Instead, incremental deployments to a new Hyper-V infrastructure are more likely. That might begin with a refresh of Microsoft’s next generation server applications (e.g., Exchange, SQL Server, and SharePoint). That early success could lead to further migrations at the refresh interval of other applications. For VMware’s part, it will need to espouse the benefits of staying single hypervisor as part of hybrid cloud architectures, and make the case for the value of homogeneity across its integrated product portfolio.
Does the hypervisor follow the way of the database server, where enterprises rely on both Oracle and Microsoft, for example, for different classes of workloads? Or do organizations stay mostly homogenous? I think that a parallel to the database server market is a possibility, but to be clear, this is far from an apples-to-apples comparison. For example, multiple hypervisors also bring with them added complexity when it comes to supporting business continuity and disaster recovery. Resources may be bound to specific clusters by hypervisor association, making it impossible to simply move a resource to another hypervisor running on systems with spare capacity in order to resolve a performance spike (QA processes typically include the hypervisor, so while V2V conversions/migrations are technically possible, they’re typically not practical for dealing with real time performance issues). For DR, organizations may need to pre-stage multiple hypervisors at a DR site, potentially adding to the cost of infrastructure required to support DR. The intricacies of multi-hypervisor support is a very long discussion, and definitely beyond the scope of this post.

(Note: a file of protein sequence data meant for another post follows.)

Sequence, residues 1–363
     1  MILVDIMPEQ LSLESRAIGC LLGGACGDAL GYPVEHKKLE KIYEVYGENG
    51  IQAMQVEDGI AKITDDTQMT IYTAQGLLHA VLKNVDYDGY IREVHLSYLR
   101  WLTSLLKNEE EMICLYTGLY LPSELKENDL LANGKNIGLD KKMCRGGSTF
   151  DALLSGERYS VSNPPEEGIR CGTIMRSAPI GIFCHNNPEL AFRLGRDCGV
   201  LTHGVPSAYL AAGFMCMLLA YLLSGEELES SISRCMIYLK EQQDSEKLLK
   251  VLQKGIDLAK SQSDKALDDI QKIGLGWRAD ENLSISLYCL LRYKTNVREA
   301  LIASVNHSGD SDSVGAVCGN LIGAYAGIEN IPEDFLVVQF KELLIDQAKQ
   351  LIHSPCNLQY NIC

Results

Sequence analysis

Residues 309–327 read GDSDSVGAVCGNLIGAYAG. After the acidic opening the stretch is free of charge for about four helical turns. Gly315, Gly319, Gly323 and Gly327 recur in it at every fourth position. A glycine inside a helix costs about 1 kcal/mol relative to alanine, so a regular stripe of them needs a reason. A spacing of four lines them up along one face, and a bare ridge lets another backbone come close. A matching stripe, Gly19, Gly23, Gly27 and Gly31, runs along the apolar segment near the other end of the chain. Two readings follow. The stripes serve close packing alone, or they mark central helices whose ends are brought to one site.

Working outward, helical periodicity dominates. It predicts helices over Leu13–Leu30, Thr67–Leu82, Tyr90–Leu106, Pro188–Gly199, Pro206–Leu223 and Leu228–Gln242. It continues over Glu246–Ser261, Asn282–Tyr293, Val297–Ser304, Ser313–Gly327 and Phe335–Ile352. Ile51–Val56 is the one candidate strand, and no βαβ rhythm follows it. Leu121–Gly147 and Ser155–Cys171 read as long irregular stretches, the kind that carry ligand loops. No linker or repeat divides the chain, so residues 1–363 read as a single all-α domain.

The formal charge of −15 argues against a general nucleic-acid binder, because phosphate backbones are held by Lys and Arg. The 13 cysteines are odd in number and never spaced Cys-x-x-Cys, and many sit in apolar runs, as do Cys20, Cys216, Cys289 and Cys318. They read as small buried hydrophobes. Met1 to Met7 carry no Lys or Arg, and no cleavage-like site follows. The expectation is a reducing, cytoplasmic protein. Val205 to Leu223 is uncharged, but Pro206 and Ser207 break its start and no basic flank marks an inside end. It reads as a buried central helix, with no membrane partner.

Regardless of where you sit in terms of hypervisor loyalty, you will benefit when Windows 8 ships. Organizations that wish to remain homogenous VMware shops will be able to put more price pressure on VMware during contract renewals. Organizations that wish to be more heterogeneous in their approach to virtualization will benefit from a lower-cost and robust platform from Microsoft, that on paper today looks very promising.
I said quite a bit and did a lot of thinking out loud in this post. I would love to hear your thoughts.